One of the first questions that any translator worth their salt will ask you is this: who and what is your translation for? This seemingly simple question has a sizeable impact on the way that a translator approaches a text. For instance, a speech to a group of factory workers will entail a different style, word choice and sentence length to a highly technical report to be read by industry leaders. Likewise, an internal document that will be seen by two people demands a different approach to a glossy annual report that will be read by hundreds of investors and be picked up by international media outlets.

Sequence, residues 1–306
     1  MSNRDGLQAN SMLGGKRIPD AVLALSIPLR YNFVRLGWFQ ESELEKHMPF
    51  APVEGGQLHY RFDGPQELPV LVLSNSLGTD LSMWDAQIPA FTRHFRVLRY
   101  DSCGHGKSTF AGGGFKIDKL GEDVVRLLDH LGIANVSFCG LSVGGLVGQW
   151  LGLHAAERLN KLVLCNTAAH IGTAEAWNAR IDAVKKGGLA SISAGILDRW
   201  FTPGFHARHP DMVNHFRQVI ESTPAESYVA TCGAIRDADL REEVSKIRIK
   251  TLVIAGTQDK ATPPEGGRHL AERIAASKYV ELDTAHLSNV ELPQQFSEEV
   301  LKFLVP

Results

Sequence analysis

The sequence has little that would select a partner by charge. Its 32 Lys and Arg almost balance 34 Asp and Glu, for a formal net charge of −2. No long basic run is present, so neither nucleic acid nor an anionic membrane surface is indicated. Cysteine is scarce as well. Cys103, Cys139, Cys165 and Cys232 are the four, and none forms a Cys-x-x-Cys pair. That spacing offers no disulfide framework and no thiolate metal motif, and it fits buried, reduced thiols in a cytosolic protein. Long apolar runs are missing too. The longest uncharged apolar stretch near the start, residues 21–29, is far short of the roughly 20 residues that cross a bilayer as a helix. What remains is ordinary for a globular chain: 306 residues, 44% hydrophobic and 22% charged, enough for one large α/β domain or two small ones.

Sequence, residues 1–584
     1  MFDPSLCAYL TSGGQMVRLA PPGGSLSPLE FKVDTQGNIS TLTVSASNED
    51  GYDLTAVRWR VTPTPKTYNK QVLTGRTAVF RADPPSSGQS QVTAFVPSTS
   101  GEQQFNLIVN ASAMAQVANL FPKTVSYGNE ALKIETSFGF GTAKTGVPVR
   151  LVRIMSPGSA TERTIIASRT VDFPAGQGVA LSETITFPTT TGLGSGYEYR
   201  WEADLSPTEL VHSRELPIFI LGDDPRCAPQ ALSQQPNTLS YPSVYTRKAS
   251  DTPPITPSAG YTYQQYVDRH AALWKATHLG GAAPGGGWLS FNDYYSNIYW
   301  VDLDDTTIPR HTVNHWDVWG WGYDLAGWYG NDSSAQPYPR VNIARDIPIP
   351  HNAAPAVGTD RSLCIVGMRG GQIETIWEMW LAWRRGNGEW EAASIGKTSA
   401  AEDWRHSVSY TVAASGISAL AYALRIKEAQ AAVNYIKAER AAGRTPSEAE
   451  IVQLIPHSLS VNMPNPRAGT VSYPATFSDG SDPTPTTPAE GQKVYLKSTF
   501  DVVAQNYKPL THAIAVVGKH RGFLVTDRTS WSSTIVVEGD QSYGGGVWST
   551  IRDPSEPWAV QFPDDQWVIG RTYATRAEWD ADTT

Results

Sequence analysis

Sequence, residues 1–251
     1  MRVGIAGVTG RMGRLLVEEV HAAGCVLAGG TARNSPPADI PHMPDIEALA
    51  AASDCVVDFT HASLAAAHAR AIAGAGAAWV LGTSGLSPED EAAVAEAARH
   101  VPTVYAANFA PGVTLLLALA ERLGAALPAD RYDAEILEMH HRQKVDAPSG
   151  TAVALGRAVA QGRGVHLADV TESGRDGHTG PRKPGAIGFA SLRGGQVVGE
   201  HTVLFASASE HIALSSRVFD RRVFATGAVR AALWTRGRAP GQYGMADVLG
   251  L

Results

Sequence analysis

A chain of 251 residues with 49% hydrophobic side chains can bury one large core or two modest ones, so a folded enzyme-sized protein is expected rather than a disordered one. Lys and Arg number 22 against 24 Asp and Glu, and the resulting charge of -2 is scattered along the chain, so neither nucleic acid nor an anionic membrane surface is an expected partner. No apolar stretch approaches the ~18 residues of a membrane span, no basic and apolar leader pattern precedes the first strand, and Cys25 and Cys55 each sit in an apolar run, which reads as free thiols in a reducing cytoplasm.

The purpose of your translation is also important. Translations can be broadly divided into two categories: “for information” and “for publication”. Texts for informational purposes can be translated in a way that is accurate, but the final version will likely be unpolished. These translations generally take less time and cost less. By contrast, “for publication” work is the best choice when your document will be read by a lot of people and when your image is at stake. These translations are usually reviewed by a second set of eyes and involve more time and a bigger budget. But it’s worth remembering that this cost is small when compared with the potential harm that a bad translation can cause to your sales, bottom line and reputation.
Next month we’ll continue in the series with a hot topic in the world of translation: Google Translate – Friend or Foe?